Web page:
The Vaucluse exudes a very cultured air. Its very rich past – Roman inheritance in Orange, papal legacy of Avignon is very amplified by summer festivals in both towns, while the perched villages of the Luberon are reserved to holiday homes. The villages are not perched by accident and Avignon’s ramparts were built for protection. Defense was the main reason for both.
Vaison La Romaine, one of the best preserved Roman towns of Provence.
Abbaye de Senanque, built in 1148, this is one of the primitive abbeys known as ” the Cistercian Sisters of Provence” to allow the monks to meditate undistracted, according to the rule of St -Benedict. The abbey is spectacular when it is surrounded by lavender fields.
Le Mont Ventoux, on a clear day you can see all 6,500 ft of the “giant of Provence“, with the observatory at the summit as it rises between the Rhone Valley, the Vaucluse plateau and the massifs of Barronies. The road to the top is one of striking contrasts, as it snakes past orchards, dense pinewoods and bare limestone. The summit is buffeted by strong winds all year round.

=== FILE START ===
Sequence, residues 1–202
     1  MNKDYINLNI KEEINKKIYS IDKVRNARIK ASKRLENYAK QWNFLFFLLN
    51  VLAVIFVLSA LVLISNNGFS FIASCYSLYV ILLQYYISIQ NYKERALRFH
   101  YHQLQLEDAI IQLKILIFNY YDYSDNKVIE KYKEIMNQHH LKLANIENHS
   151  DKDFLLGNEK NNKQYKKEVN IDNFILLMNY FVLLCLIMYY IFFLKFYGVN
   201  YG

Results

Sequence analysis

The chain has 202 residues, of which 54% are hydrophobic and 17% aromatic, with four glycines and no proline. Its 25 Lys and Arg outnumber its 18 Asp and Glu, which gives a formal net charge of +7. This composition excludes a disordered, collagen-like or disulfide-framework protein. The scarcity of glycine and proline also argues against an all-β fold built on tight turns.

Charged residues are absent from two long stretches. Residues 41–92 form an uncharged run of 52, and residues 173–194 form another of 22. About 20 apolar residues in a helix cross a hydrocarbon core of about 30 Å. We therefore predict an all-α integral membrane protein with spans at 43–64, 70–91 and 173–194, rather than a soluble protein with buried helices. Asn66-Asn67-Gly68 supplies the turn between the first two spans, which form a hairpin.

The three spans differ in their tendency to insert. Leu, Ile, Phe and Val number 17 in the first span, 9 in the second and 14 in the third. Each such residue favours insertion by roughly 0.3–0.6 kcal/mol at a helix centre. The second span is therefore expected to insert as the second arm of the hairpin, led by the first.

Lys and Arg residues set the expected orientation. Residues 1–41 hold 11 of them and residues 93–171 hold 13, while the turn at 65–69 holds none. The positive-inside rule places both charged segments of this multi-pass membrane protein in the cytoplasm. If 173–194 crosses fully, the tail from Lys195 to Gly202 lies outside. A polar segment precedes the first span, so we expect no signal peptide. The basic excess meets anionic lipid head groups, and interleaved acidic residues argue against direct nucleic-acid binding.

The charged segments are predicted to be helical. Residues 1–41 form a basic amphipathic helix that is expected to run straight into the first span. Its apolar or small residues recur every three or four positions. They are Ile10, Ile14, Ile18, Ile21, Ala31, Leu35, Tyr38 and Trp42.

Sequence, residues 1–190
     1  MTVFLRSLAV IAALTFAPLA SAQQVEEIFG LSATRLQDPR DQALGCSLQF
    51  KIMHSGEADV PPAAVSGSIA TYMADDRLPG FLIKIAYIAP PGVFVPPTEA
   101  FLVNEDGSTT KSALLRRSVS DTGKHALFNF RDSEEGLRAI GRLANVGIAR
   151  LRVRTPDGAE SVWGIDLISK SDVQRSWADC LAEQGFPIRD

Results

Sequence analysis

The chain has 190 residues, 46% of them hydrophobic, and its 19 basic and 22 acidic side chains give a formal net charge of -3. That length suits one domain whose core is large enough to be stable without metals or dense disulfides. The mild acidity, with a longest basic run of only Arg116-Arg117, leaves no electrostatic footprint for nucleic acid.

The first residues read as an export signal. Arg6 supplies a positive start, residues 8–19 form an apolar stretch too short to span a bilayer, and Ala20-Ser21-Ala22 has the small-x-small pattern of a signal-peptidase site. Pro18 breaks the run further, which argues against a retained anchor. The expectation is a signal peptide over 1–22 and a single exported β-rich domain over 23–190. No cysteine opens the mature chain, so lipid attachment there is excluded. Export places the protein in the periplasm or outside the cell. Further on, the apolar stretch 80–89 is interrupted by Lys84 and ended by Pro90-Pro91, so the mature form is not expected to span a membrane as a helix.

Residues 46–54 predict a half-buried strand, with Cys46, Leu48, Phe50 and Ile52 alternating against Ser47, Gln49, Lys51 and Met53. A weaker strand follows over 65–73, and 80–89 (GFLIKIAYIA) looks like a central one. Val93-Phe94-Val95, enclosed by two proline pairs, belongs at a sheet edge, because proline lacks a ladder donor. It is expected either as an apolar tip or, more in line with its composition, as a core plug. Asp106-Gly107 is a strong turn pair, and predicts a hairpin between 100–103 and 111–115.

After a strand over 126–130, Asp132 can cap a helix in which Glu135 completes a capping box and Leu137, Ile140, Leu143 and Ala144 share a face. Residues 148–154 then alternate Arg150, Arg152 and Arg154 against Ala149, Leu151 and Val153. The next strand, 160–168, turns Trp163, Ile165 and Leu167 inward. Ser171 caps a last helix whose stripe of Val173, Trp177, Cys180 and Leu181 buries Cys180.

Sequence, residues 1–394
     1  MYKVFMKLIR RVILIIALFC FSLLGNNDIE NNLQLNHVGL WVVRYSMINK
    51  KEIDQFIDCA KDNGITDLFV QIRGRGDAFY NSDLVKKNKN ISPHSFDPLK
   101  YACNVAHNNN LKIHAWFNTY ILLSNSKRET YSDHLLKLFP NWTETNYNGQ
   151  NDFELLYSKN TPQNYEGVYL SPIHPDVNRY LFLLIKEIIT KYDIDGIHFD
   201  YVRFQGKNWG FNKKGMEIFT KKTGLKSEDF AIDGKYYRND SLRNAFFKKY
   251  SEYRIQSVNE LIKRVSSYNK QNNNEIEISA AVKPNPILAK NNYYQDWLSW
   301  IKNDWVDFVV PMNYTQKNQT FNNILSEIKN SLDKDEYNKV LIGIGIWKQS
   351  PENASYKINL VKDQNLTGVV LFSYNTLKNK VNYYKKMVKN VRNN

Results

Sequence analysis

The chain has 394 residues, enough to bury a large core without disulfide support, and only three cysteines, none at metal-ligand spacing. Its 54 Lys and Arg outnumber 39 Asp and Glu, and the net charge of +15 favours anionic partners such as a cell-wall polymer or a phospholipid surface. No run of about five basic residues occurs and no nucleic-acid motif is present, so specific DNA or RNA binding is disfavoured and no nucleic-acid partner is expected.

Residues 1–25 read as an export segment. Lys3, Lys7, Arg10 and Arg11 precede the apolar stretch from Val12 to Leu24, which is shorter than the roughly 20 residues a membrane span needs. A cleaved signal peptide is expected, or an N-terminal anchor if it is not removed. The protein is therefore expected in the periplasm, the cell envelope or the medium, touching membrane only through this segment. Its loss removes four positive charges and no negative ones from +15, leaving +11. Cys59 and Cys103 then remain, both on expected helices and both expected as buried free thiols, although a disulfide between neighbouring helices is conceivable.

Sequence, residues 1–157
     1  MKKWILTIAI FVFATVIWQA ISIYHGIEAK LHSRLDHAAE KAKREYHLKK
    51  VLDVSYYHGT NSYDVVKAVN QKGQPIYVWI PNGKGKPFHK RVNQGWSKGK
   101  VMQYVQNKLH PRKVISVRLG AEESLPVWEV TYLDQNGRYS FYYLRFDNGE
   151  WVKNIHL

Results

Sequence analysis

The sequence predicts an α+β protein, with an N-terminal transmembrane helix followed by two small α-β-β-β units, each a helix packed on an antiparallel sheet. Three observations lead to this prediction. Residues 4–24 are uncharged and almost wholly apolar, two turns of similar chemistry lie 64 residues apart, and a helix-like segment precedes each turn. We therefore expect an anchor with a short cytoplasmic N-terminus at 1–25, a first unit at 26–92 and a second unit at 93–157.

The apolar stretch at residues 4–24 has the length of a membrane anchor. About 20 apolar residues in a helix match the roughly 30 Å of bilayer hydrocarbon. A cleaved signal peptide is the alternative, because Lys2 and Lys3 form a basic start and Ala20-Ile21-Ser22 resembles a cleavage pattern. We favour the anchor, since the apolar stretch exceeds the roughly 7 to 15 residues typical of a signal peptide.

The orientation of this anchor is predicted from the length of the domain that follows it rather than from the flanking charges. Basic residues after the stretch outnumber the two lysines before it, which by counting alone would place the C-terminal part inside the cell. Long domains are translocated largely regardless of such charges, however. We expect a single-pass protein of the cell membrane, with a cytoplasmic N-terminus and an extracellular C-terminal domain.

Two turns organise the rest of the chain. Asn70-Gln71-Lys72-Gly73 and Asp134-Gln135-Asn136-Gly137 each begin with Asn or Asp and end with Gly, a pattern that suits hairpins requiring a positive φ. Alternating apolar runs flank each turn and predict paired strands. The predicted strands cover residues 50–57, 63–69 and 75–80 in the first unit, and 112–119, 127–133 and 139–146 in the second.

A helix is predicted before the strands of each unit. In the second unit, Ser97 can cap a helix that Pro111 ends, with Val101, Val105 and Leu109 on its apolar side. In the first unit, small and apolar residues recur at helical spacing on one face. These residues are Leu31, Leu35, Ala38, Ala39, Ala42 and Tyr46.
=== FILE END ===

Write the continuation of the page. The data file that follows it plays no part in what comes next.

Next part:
Roman theater, Orange,The might of the 1st-century Rome is revealed in all its glory in this amphitheater and one of the best preserved relics from antiquity. The acoustics are exceptional. A marble statue of Augustus is still there to welcome spectators.
Parc Naturel regional du Luberon, The Luberon has a wild natural mountain beauty. It is also the parks job to maintain tourists and the environment.
Fontaine-de-Vaucluse, is one of the most powerful waters in the world. The torrent suddenly emerged in the 7th-century, watering the fig trees and feeding the river Sorgue. Truly spectacular after heavy rain.
Les Dentelles de Montmirail, the prettiest mountain range in Provence. It has taken clay, salt , limestone and 200 million years to create the lace-like pattern of mountaintops against the sky. For people who like to hike : the lacy path is longer than it looks!
Synagogue, Carpentras, until the 19th-century, Carpentras -capital of the Comtat Venaissin, a former papal enclave inside France – had a large Jewish community. All that now survives is France’s oldest synagogue, founded in the 14th- century- its sanctuary and bread ovens intact.
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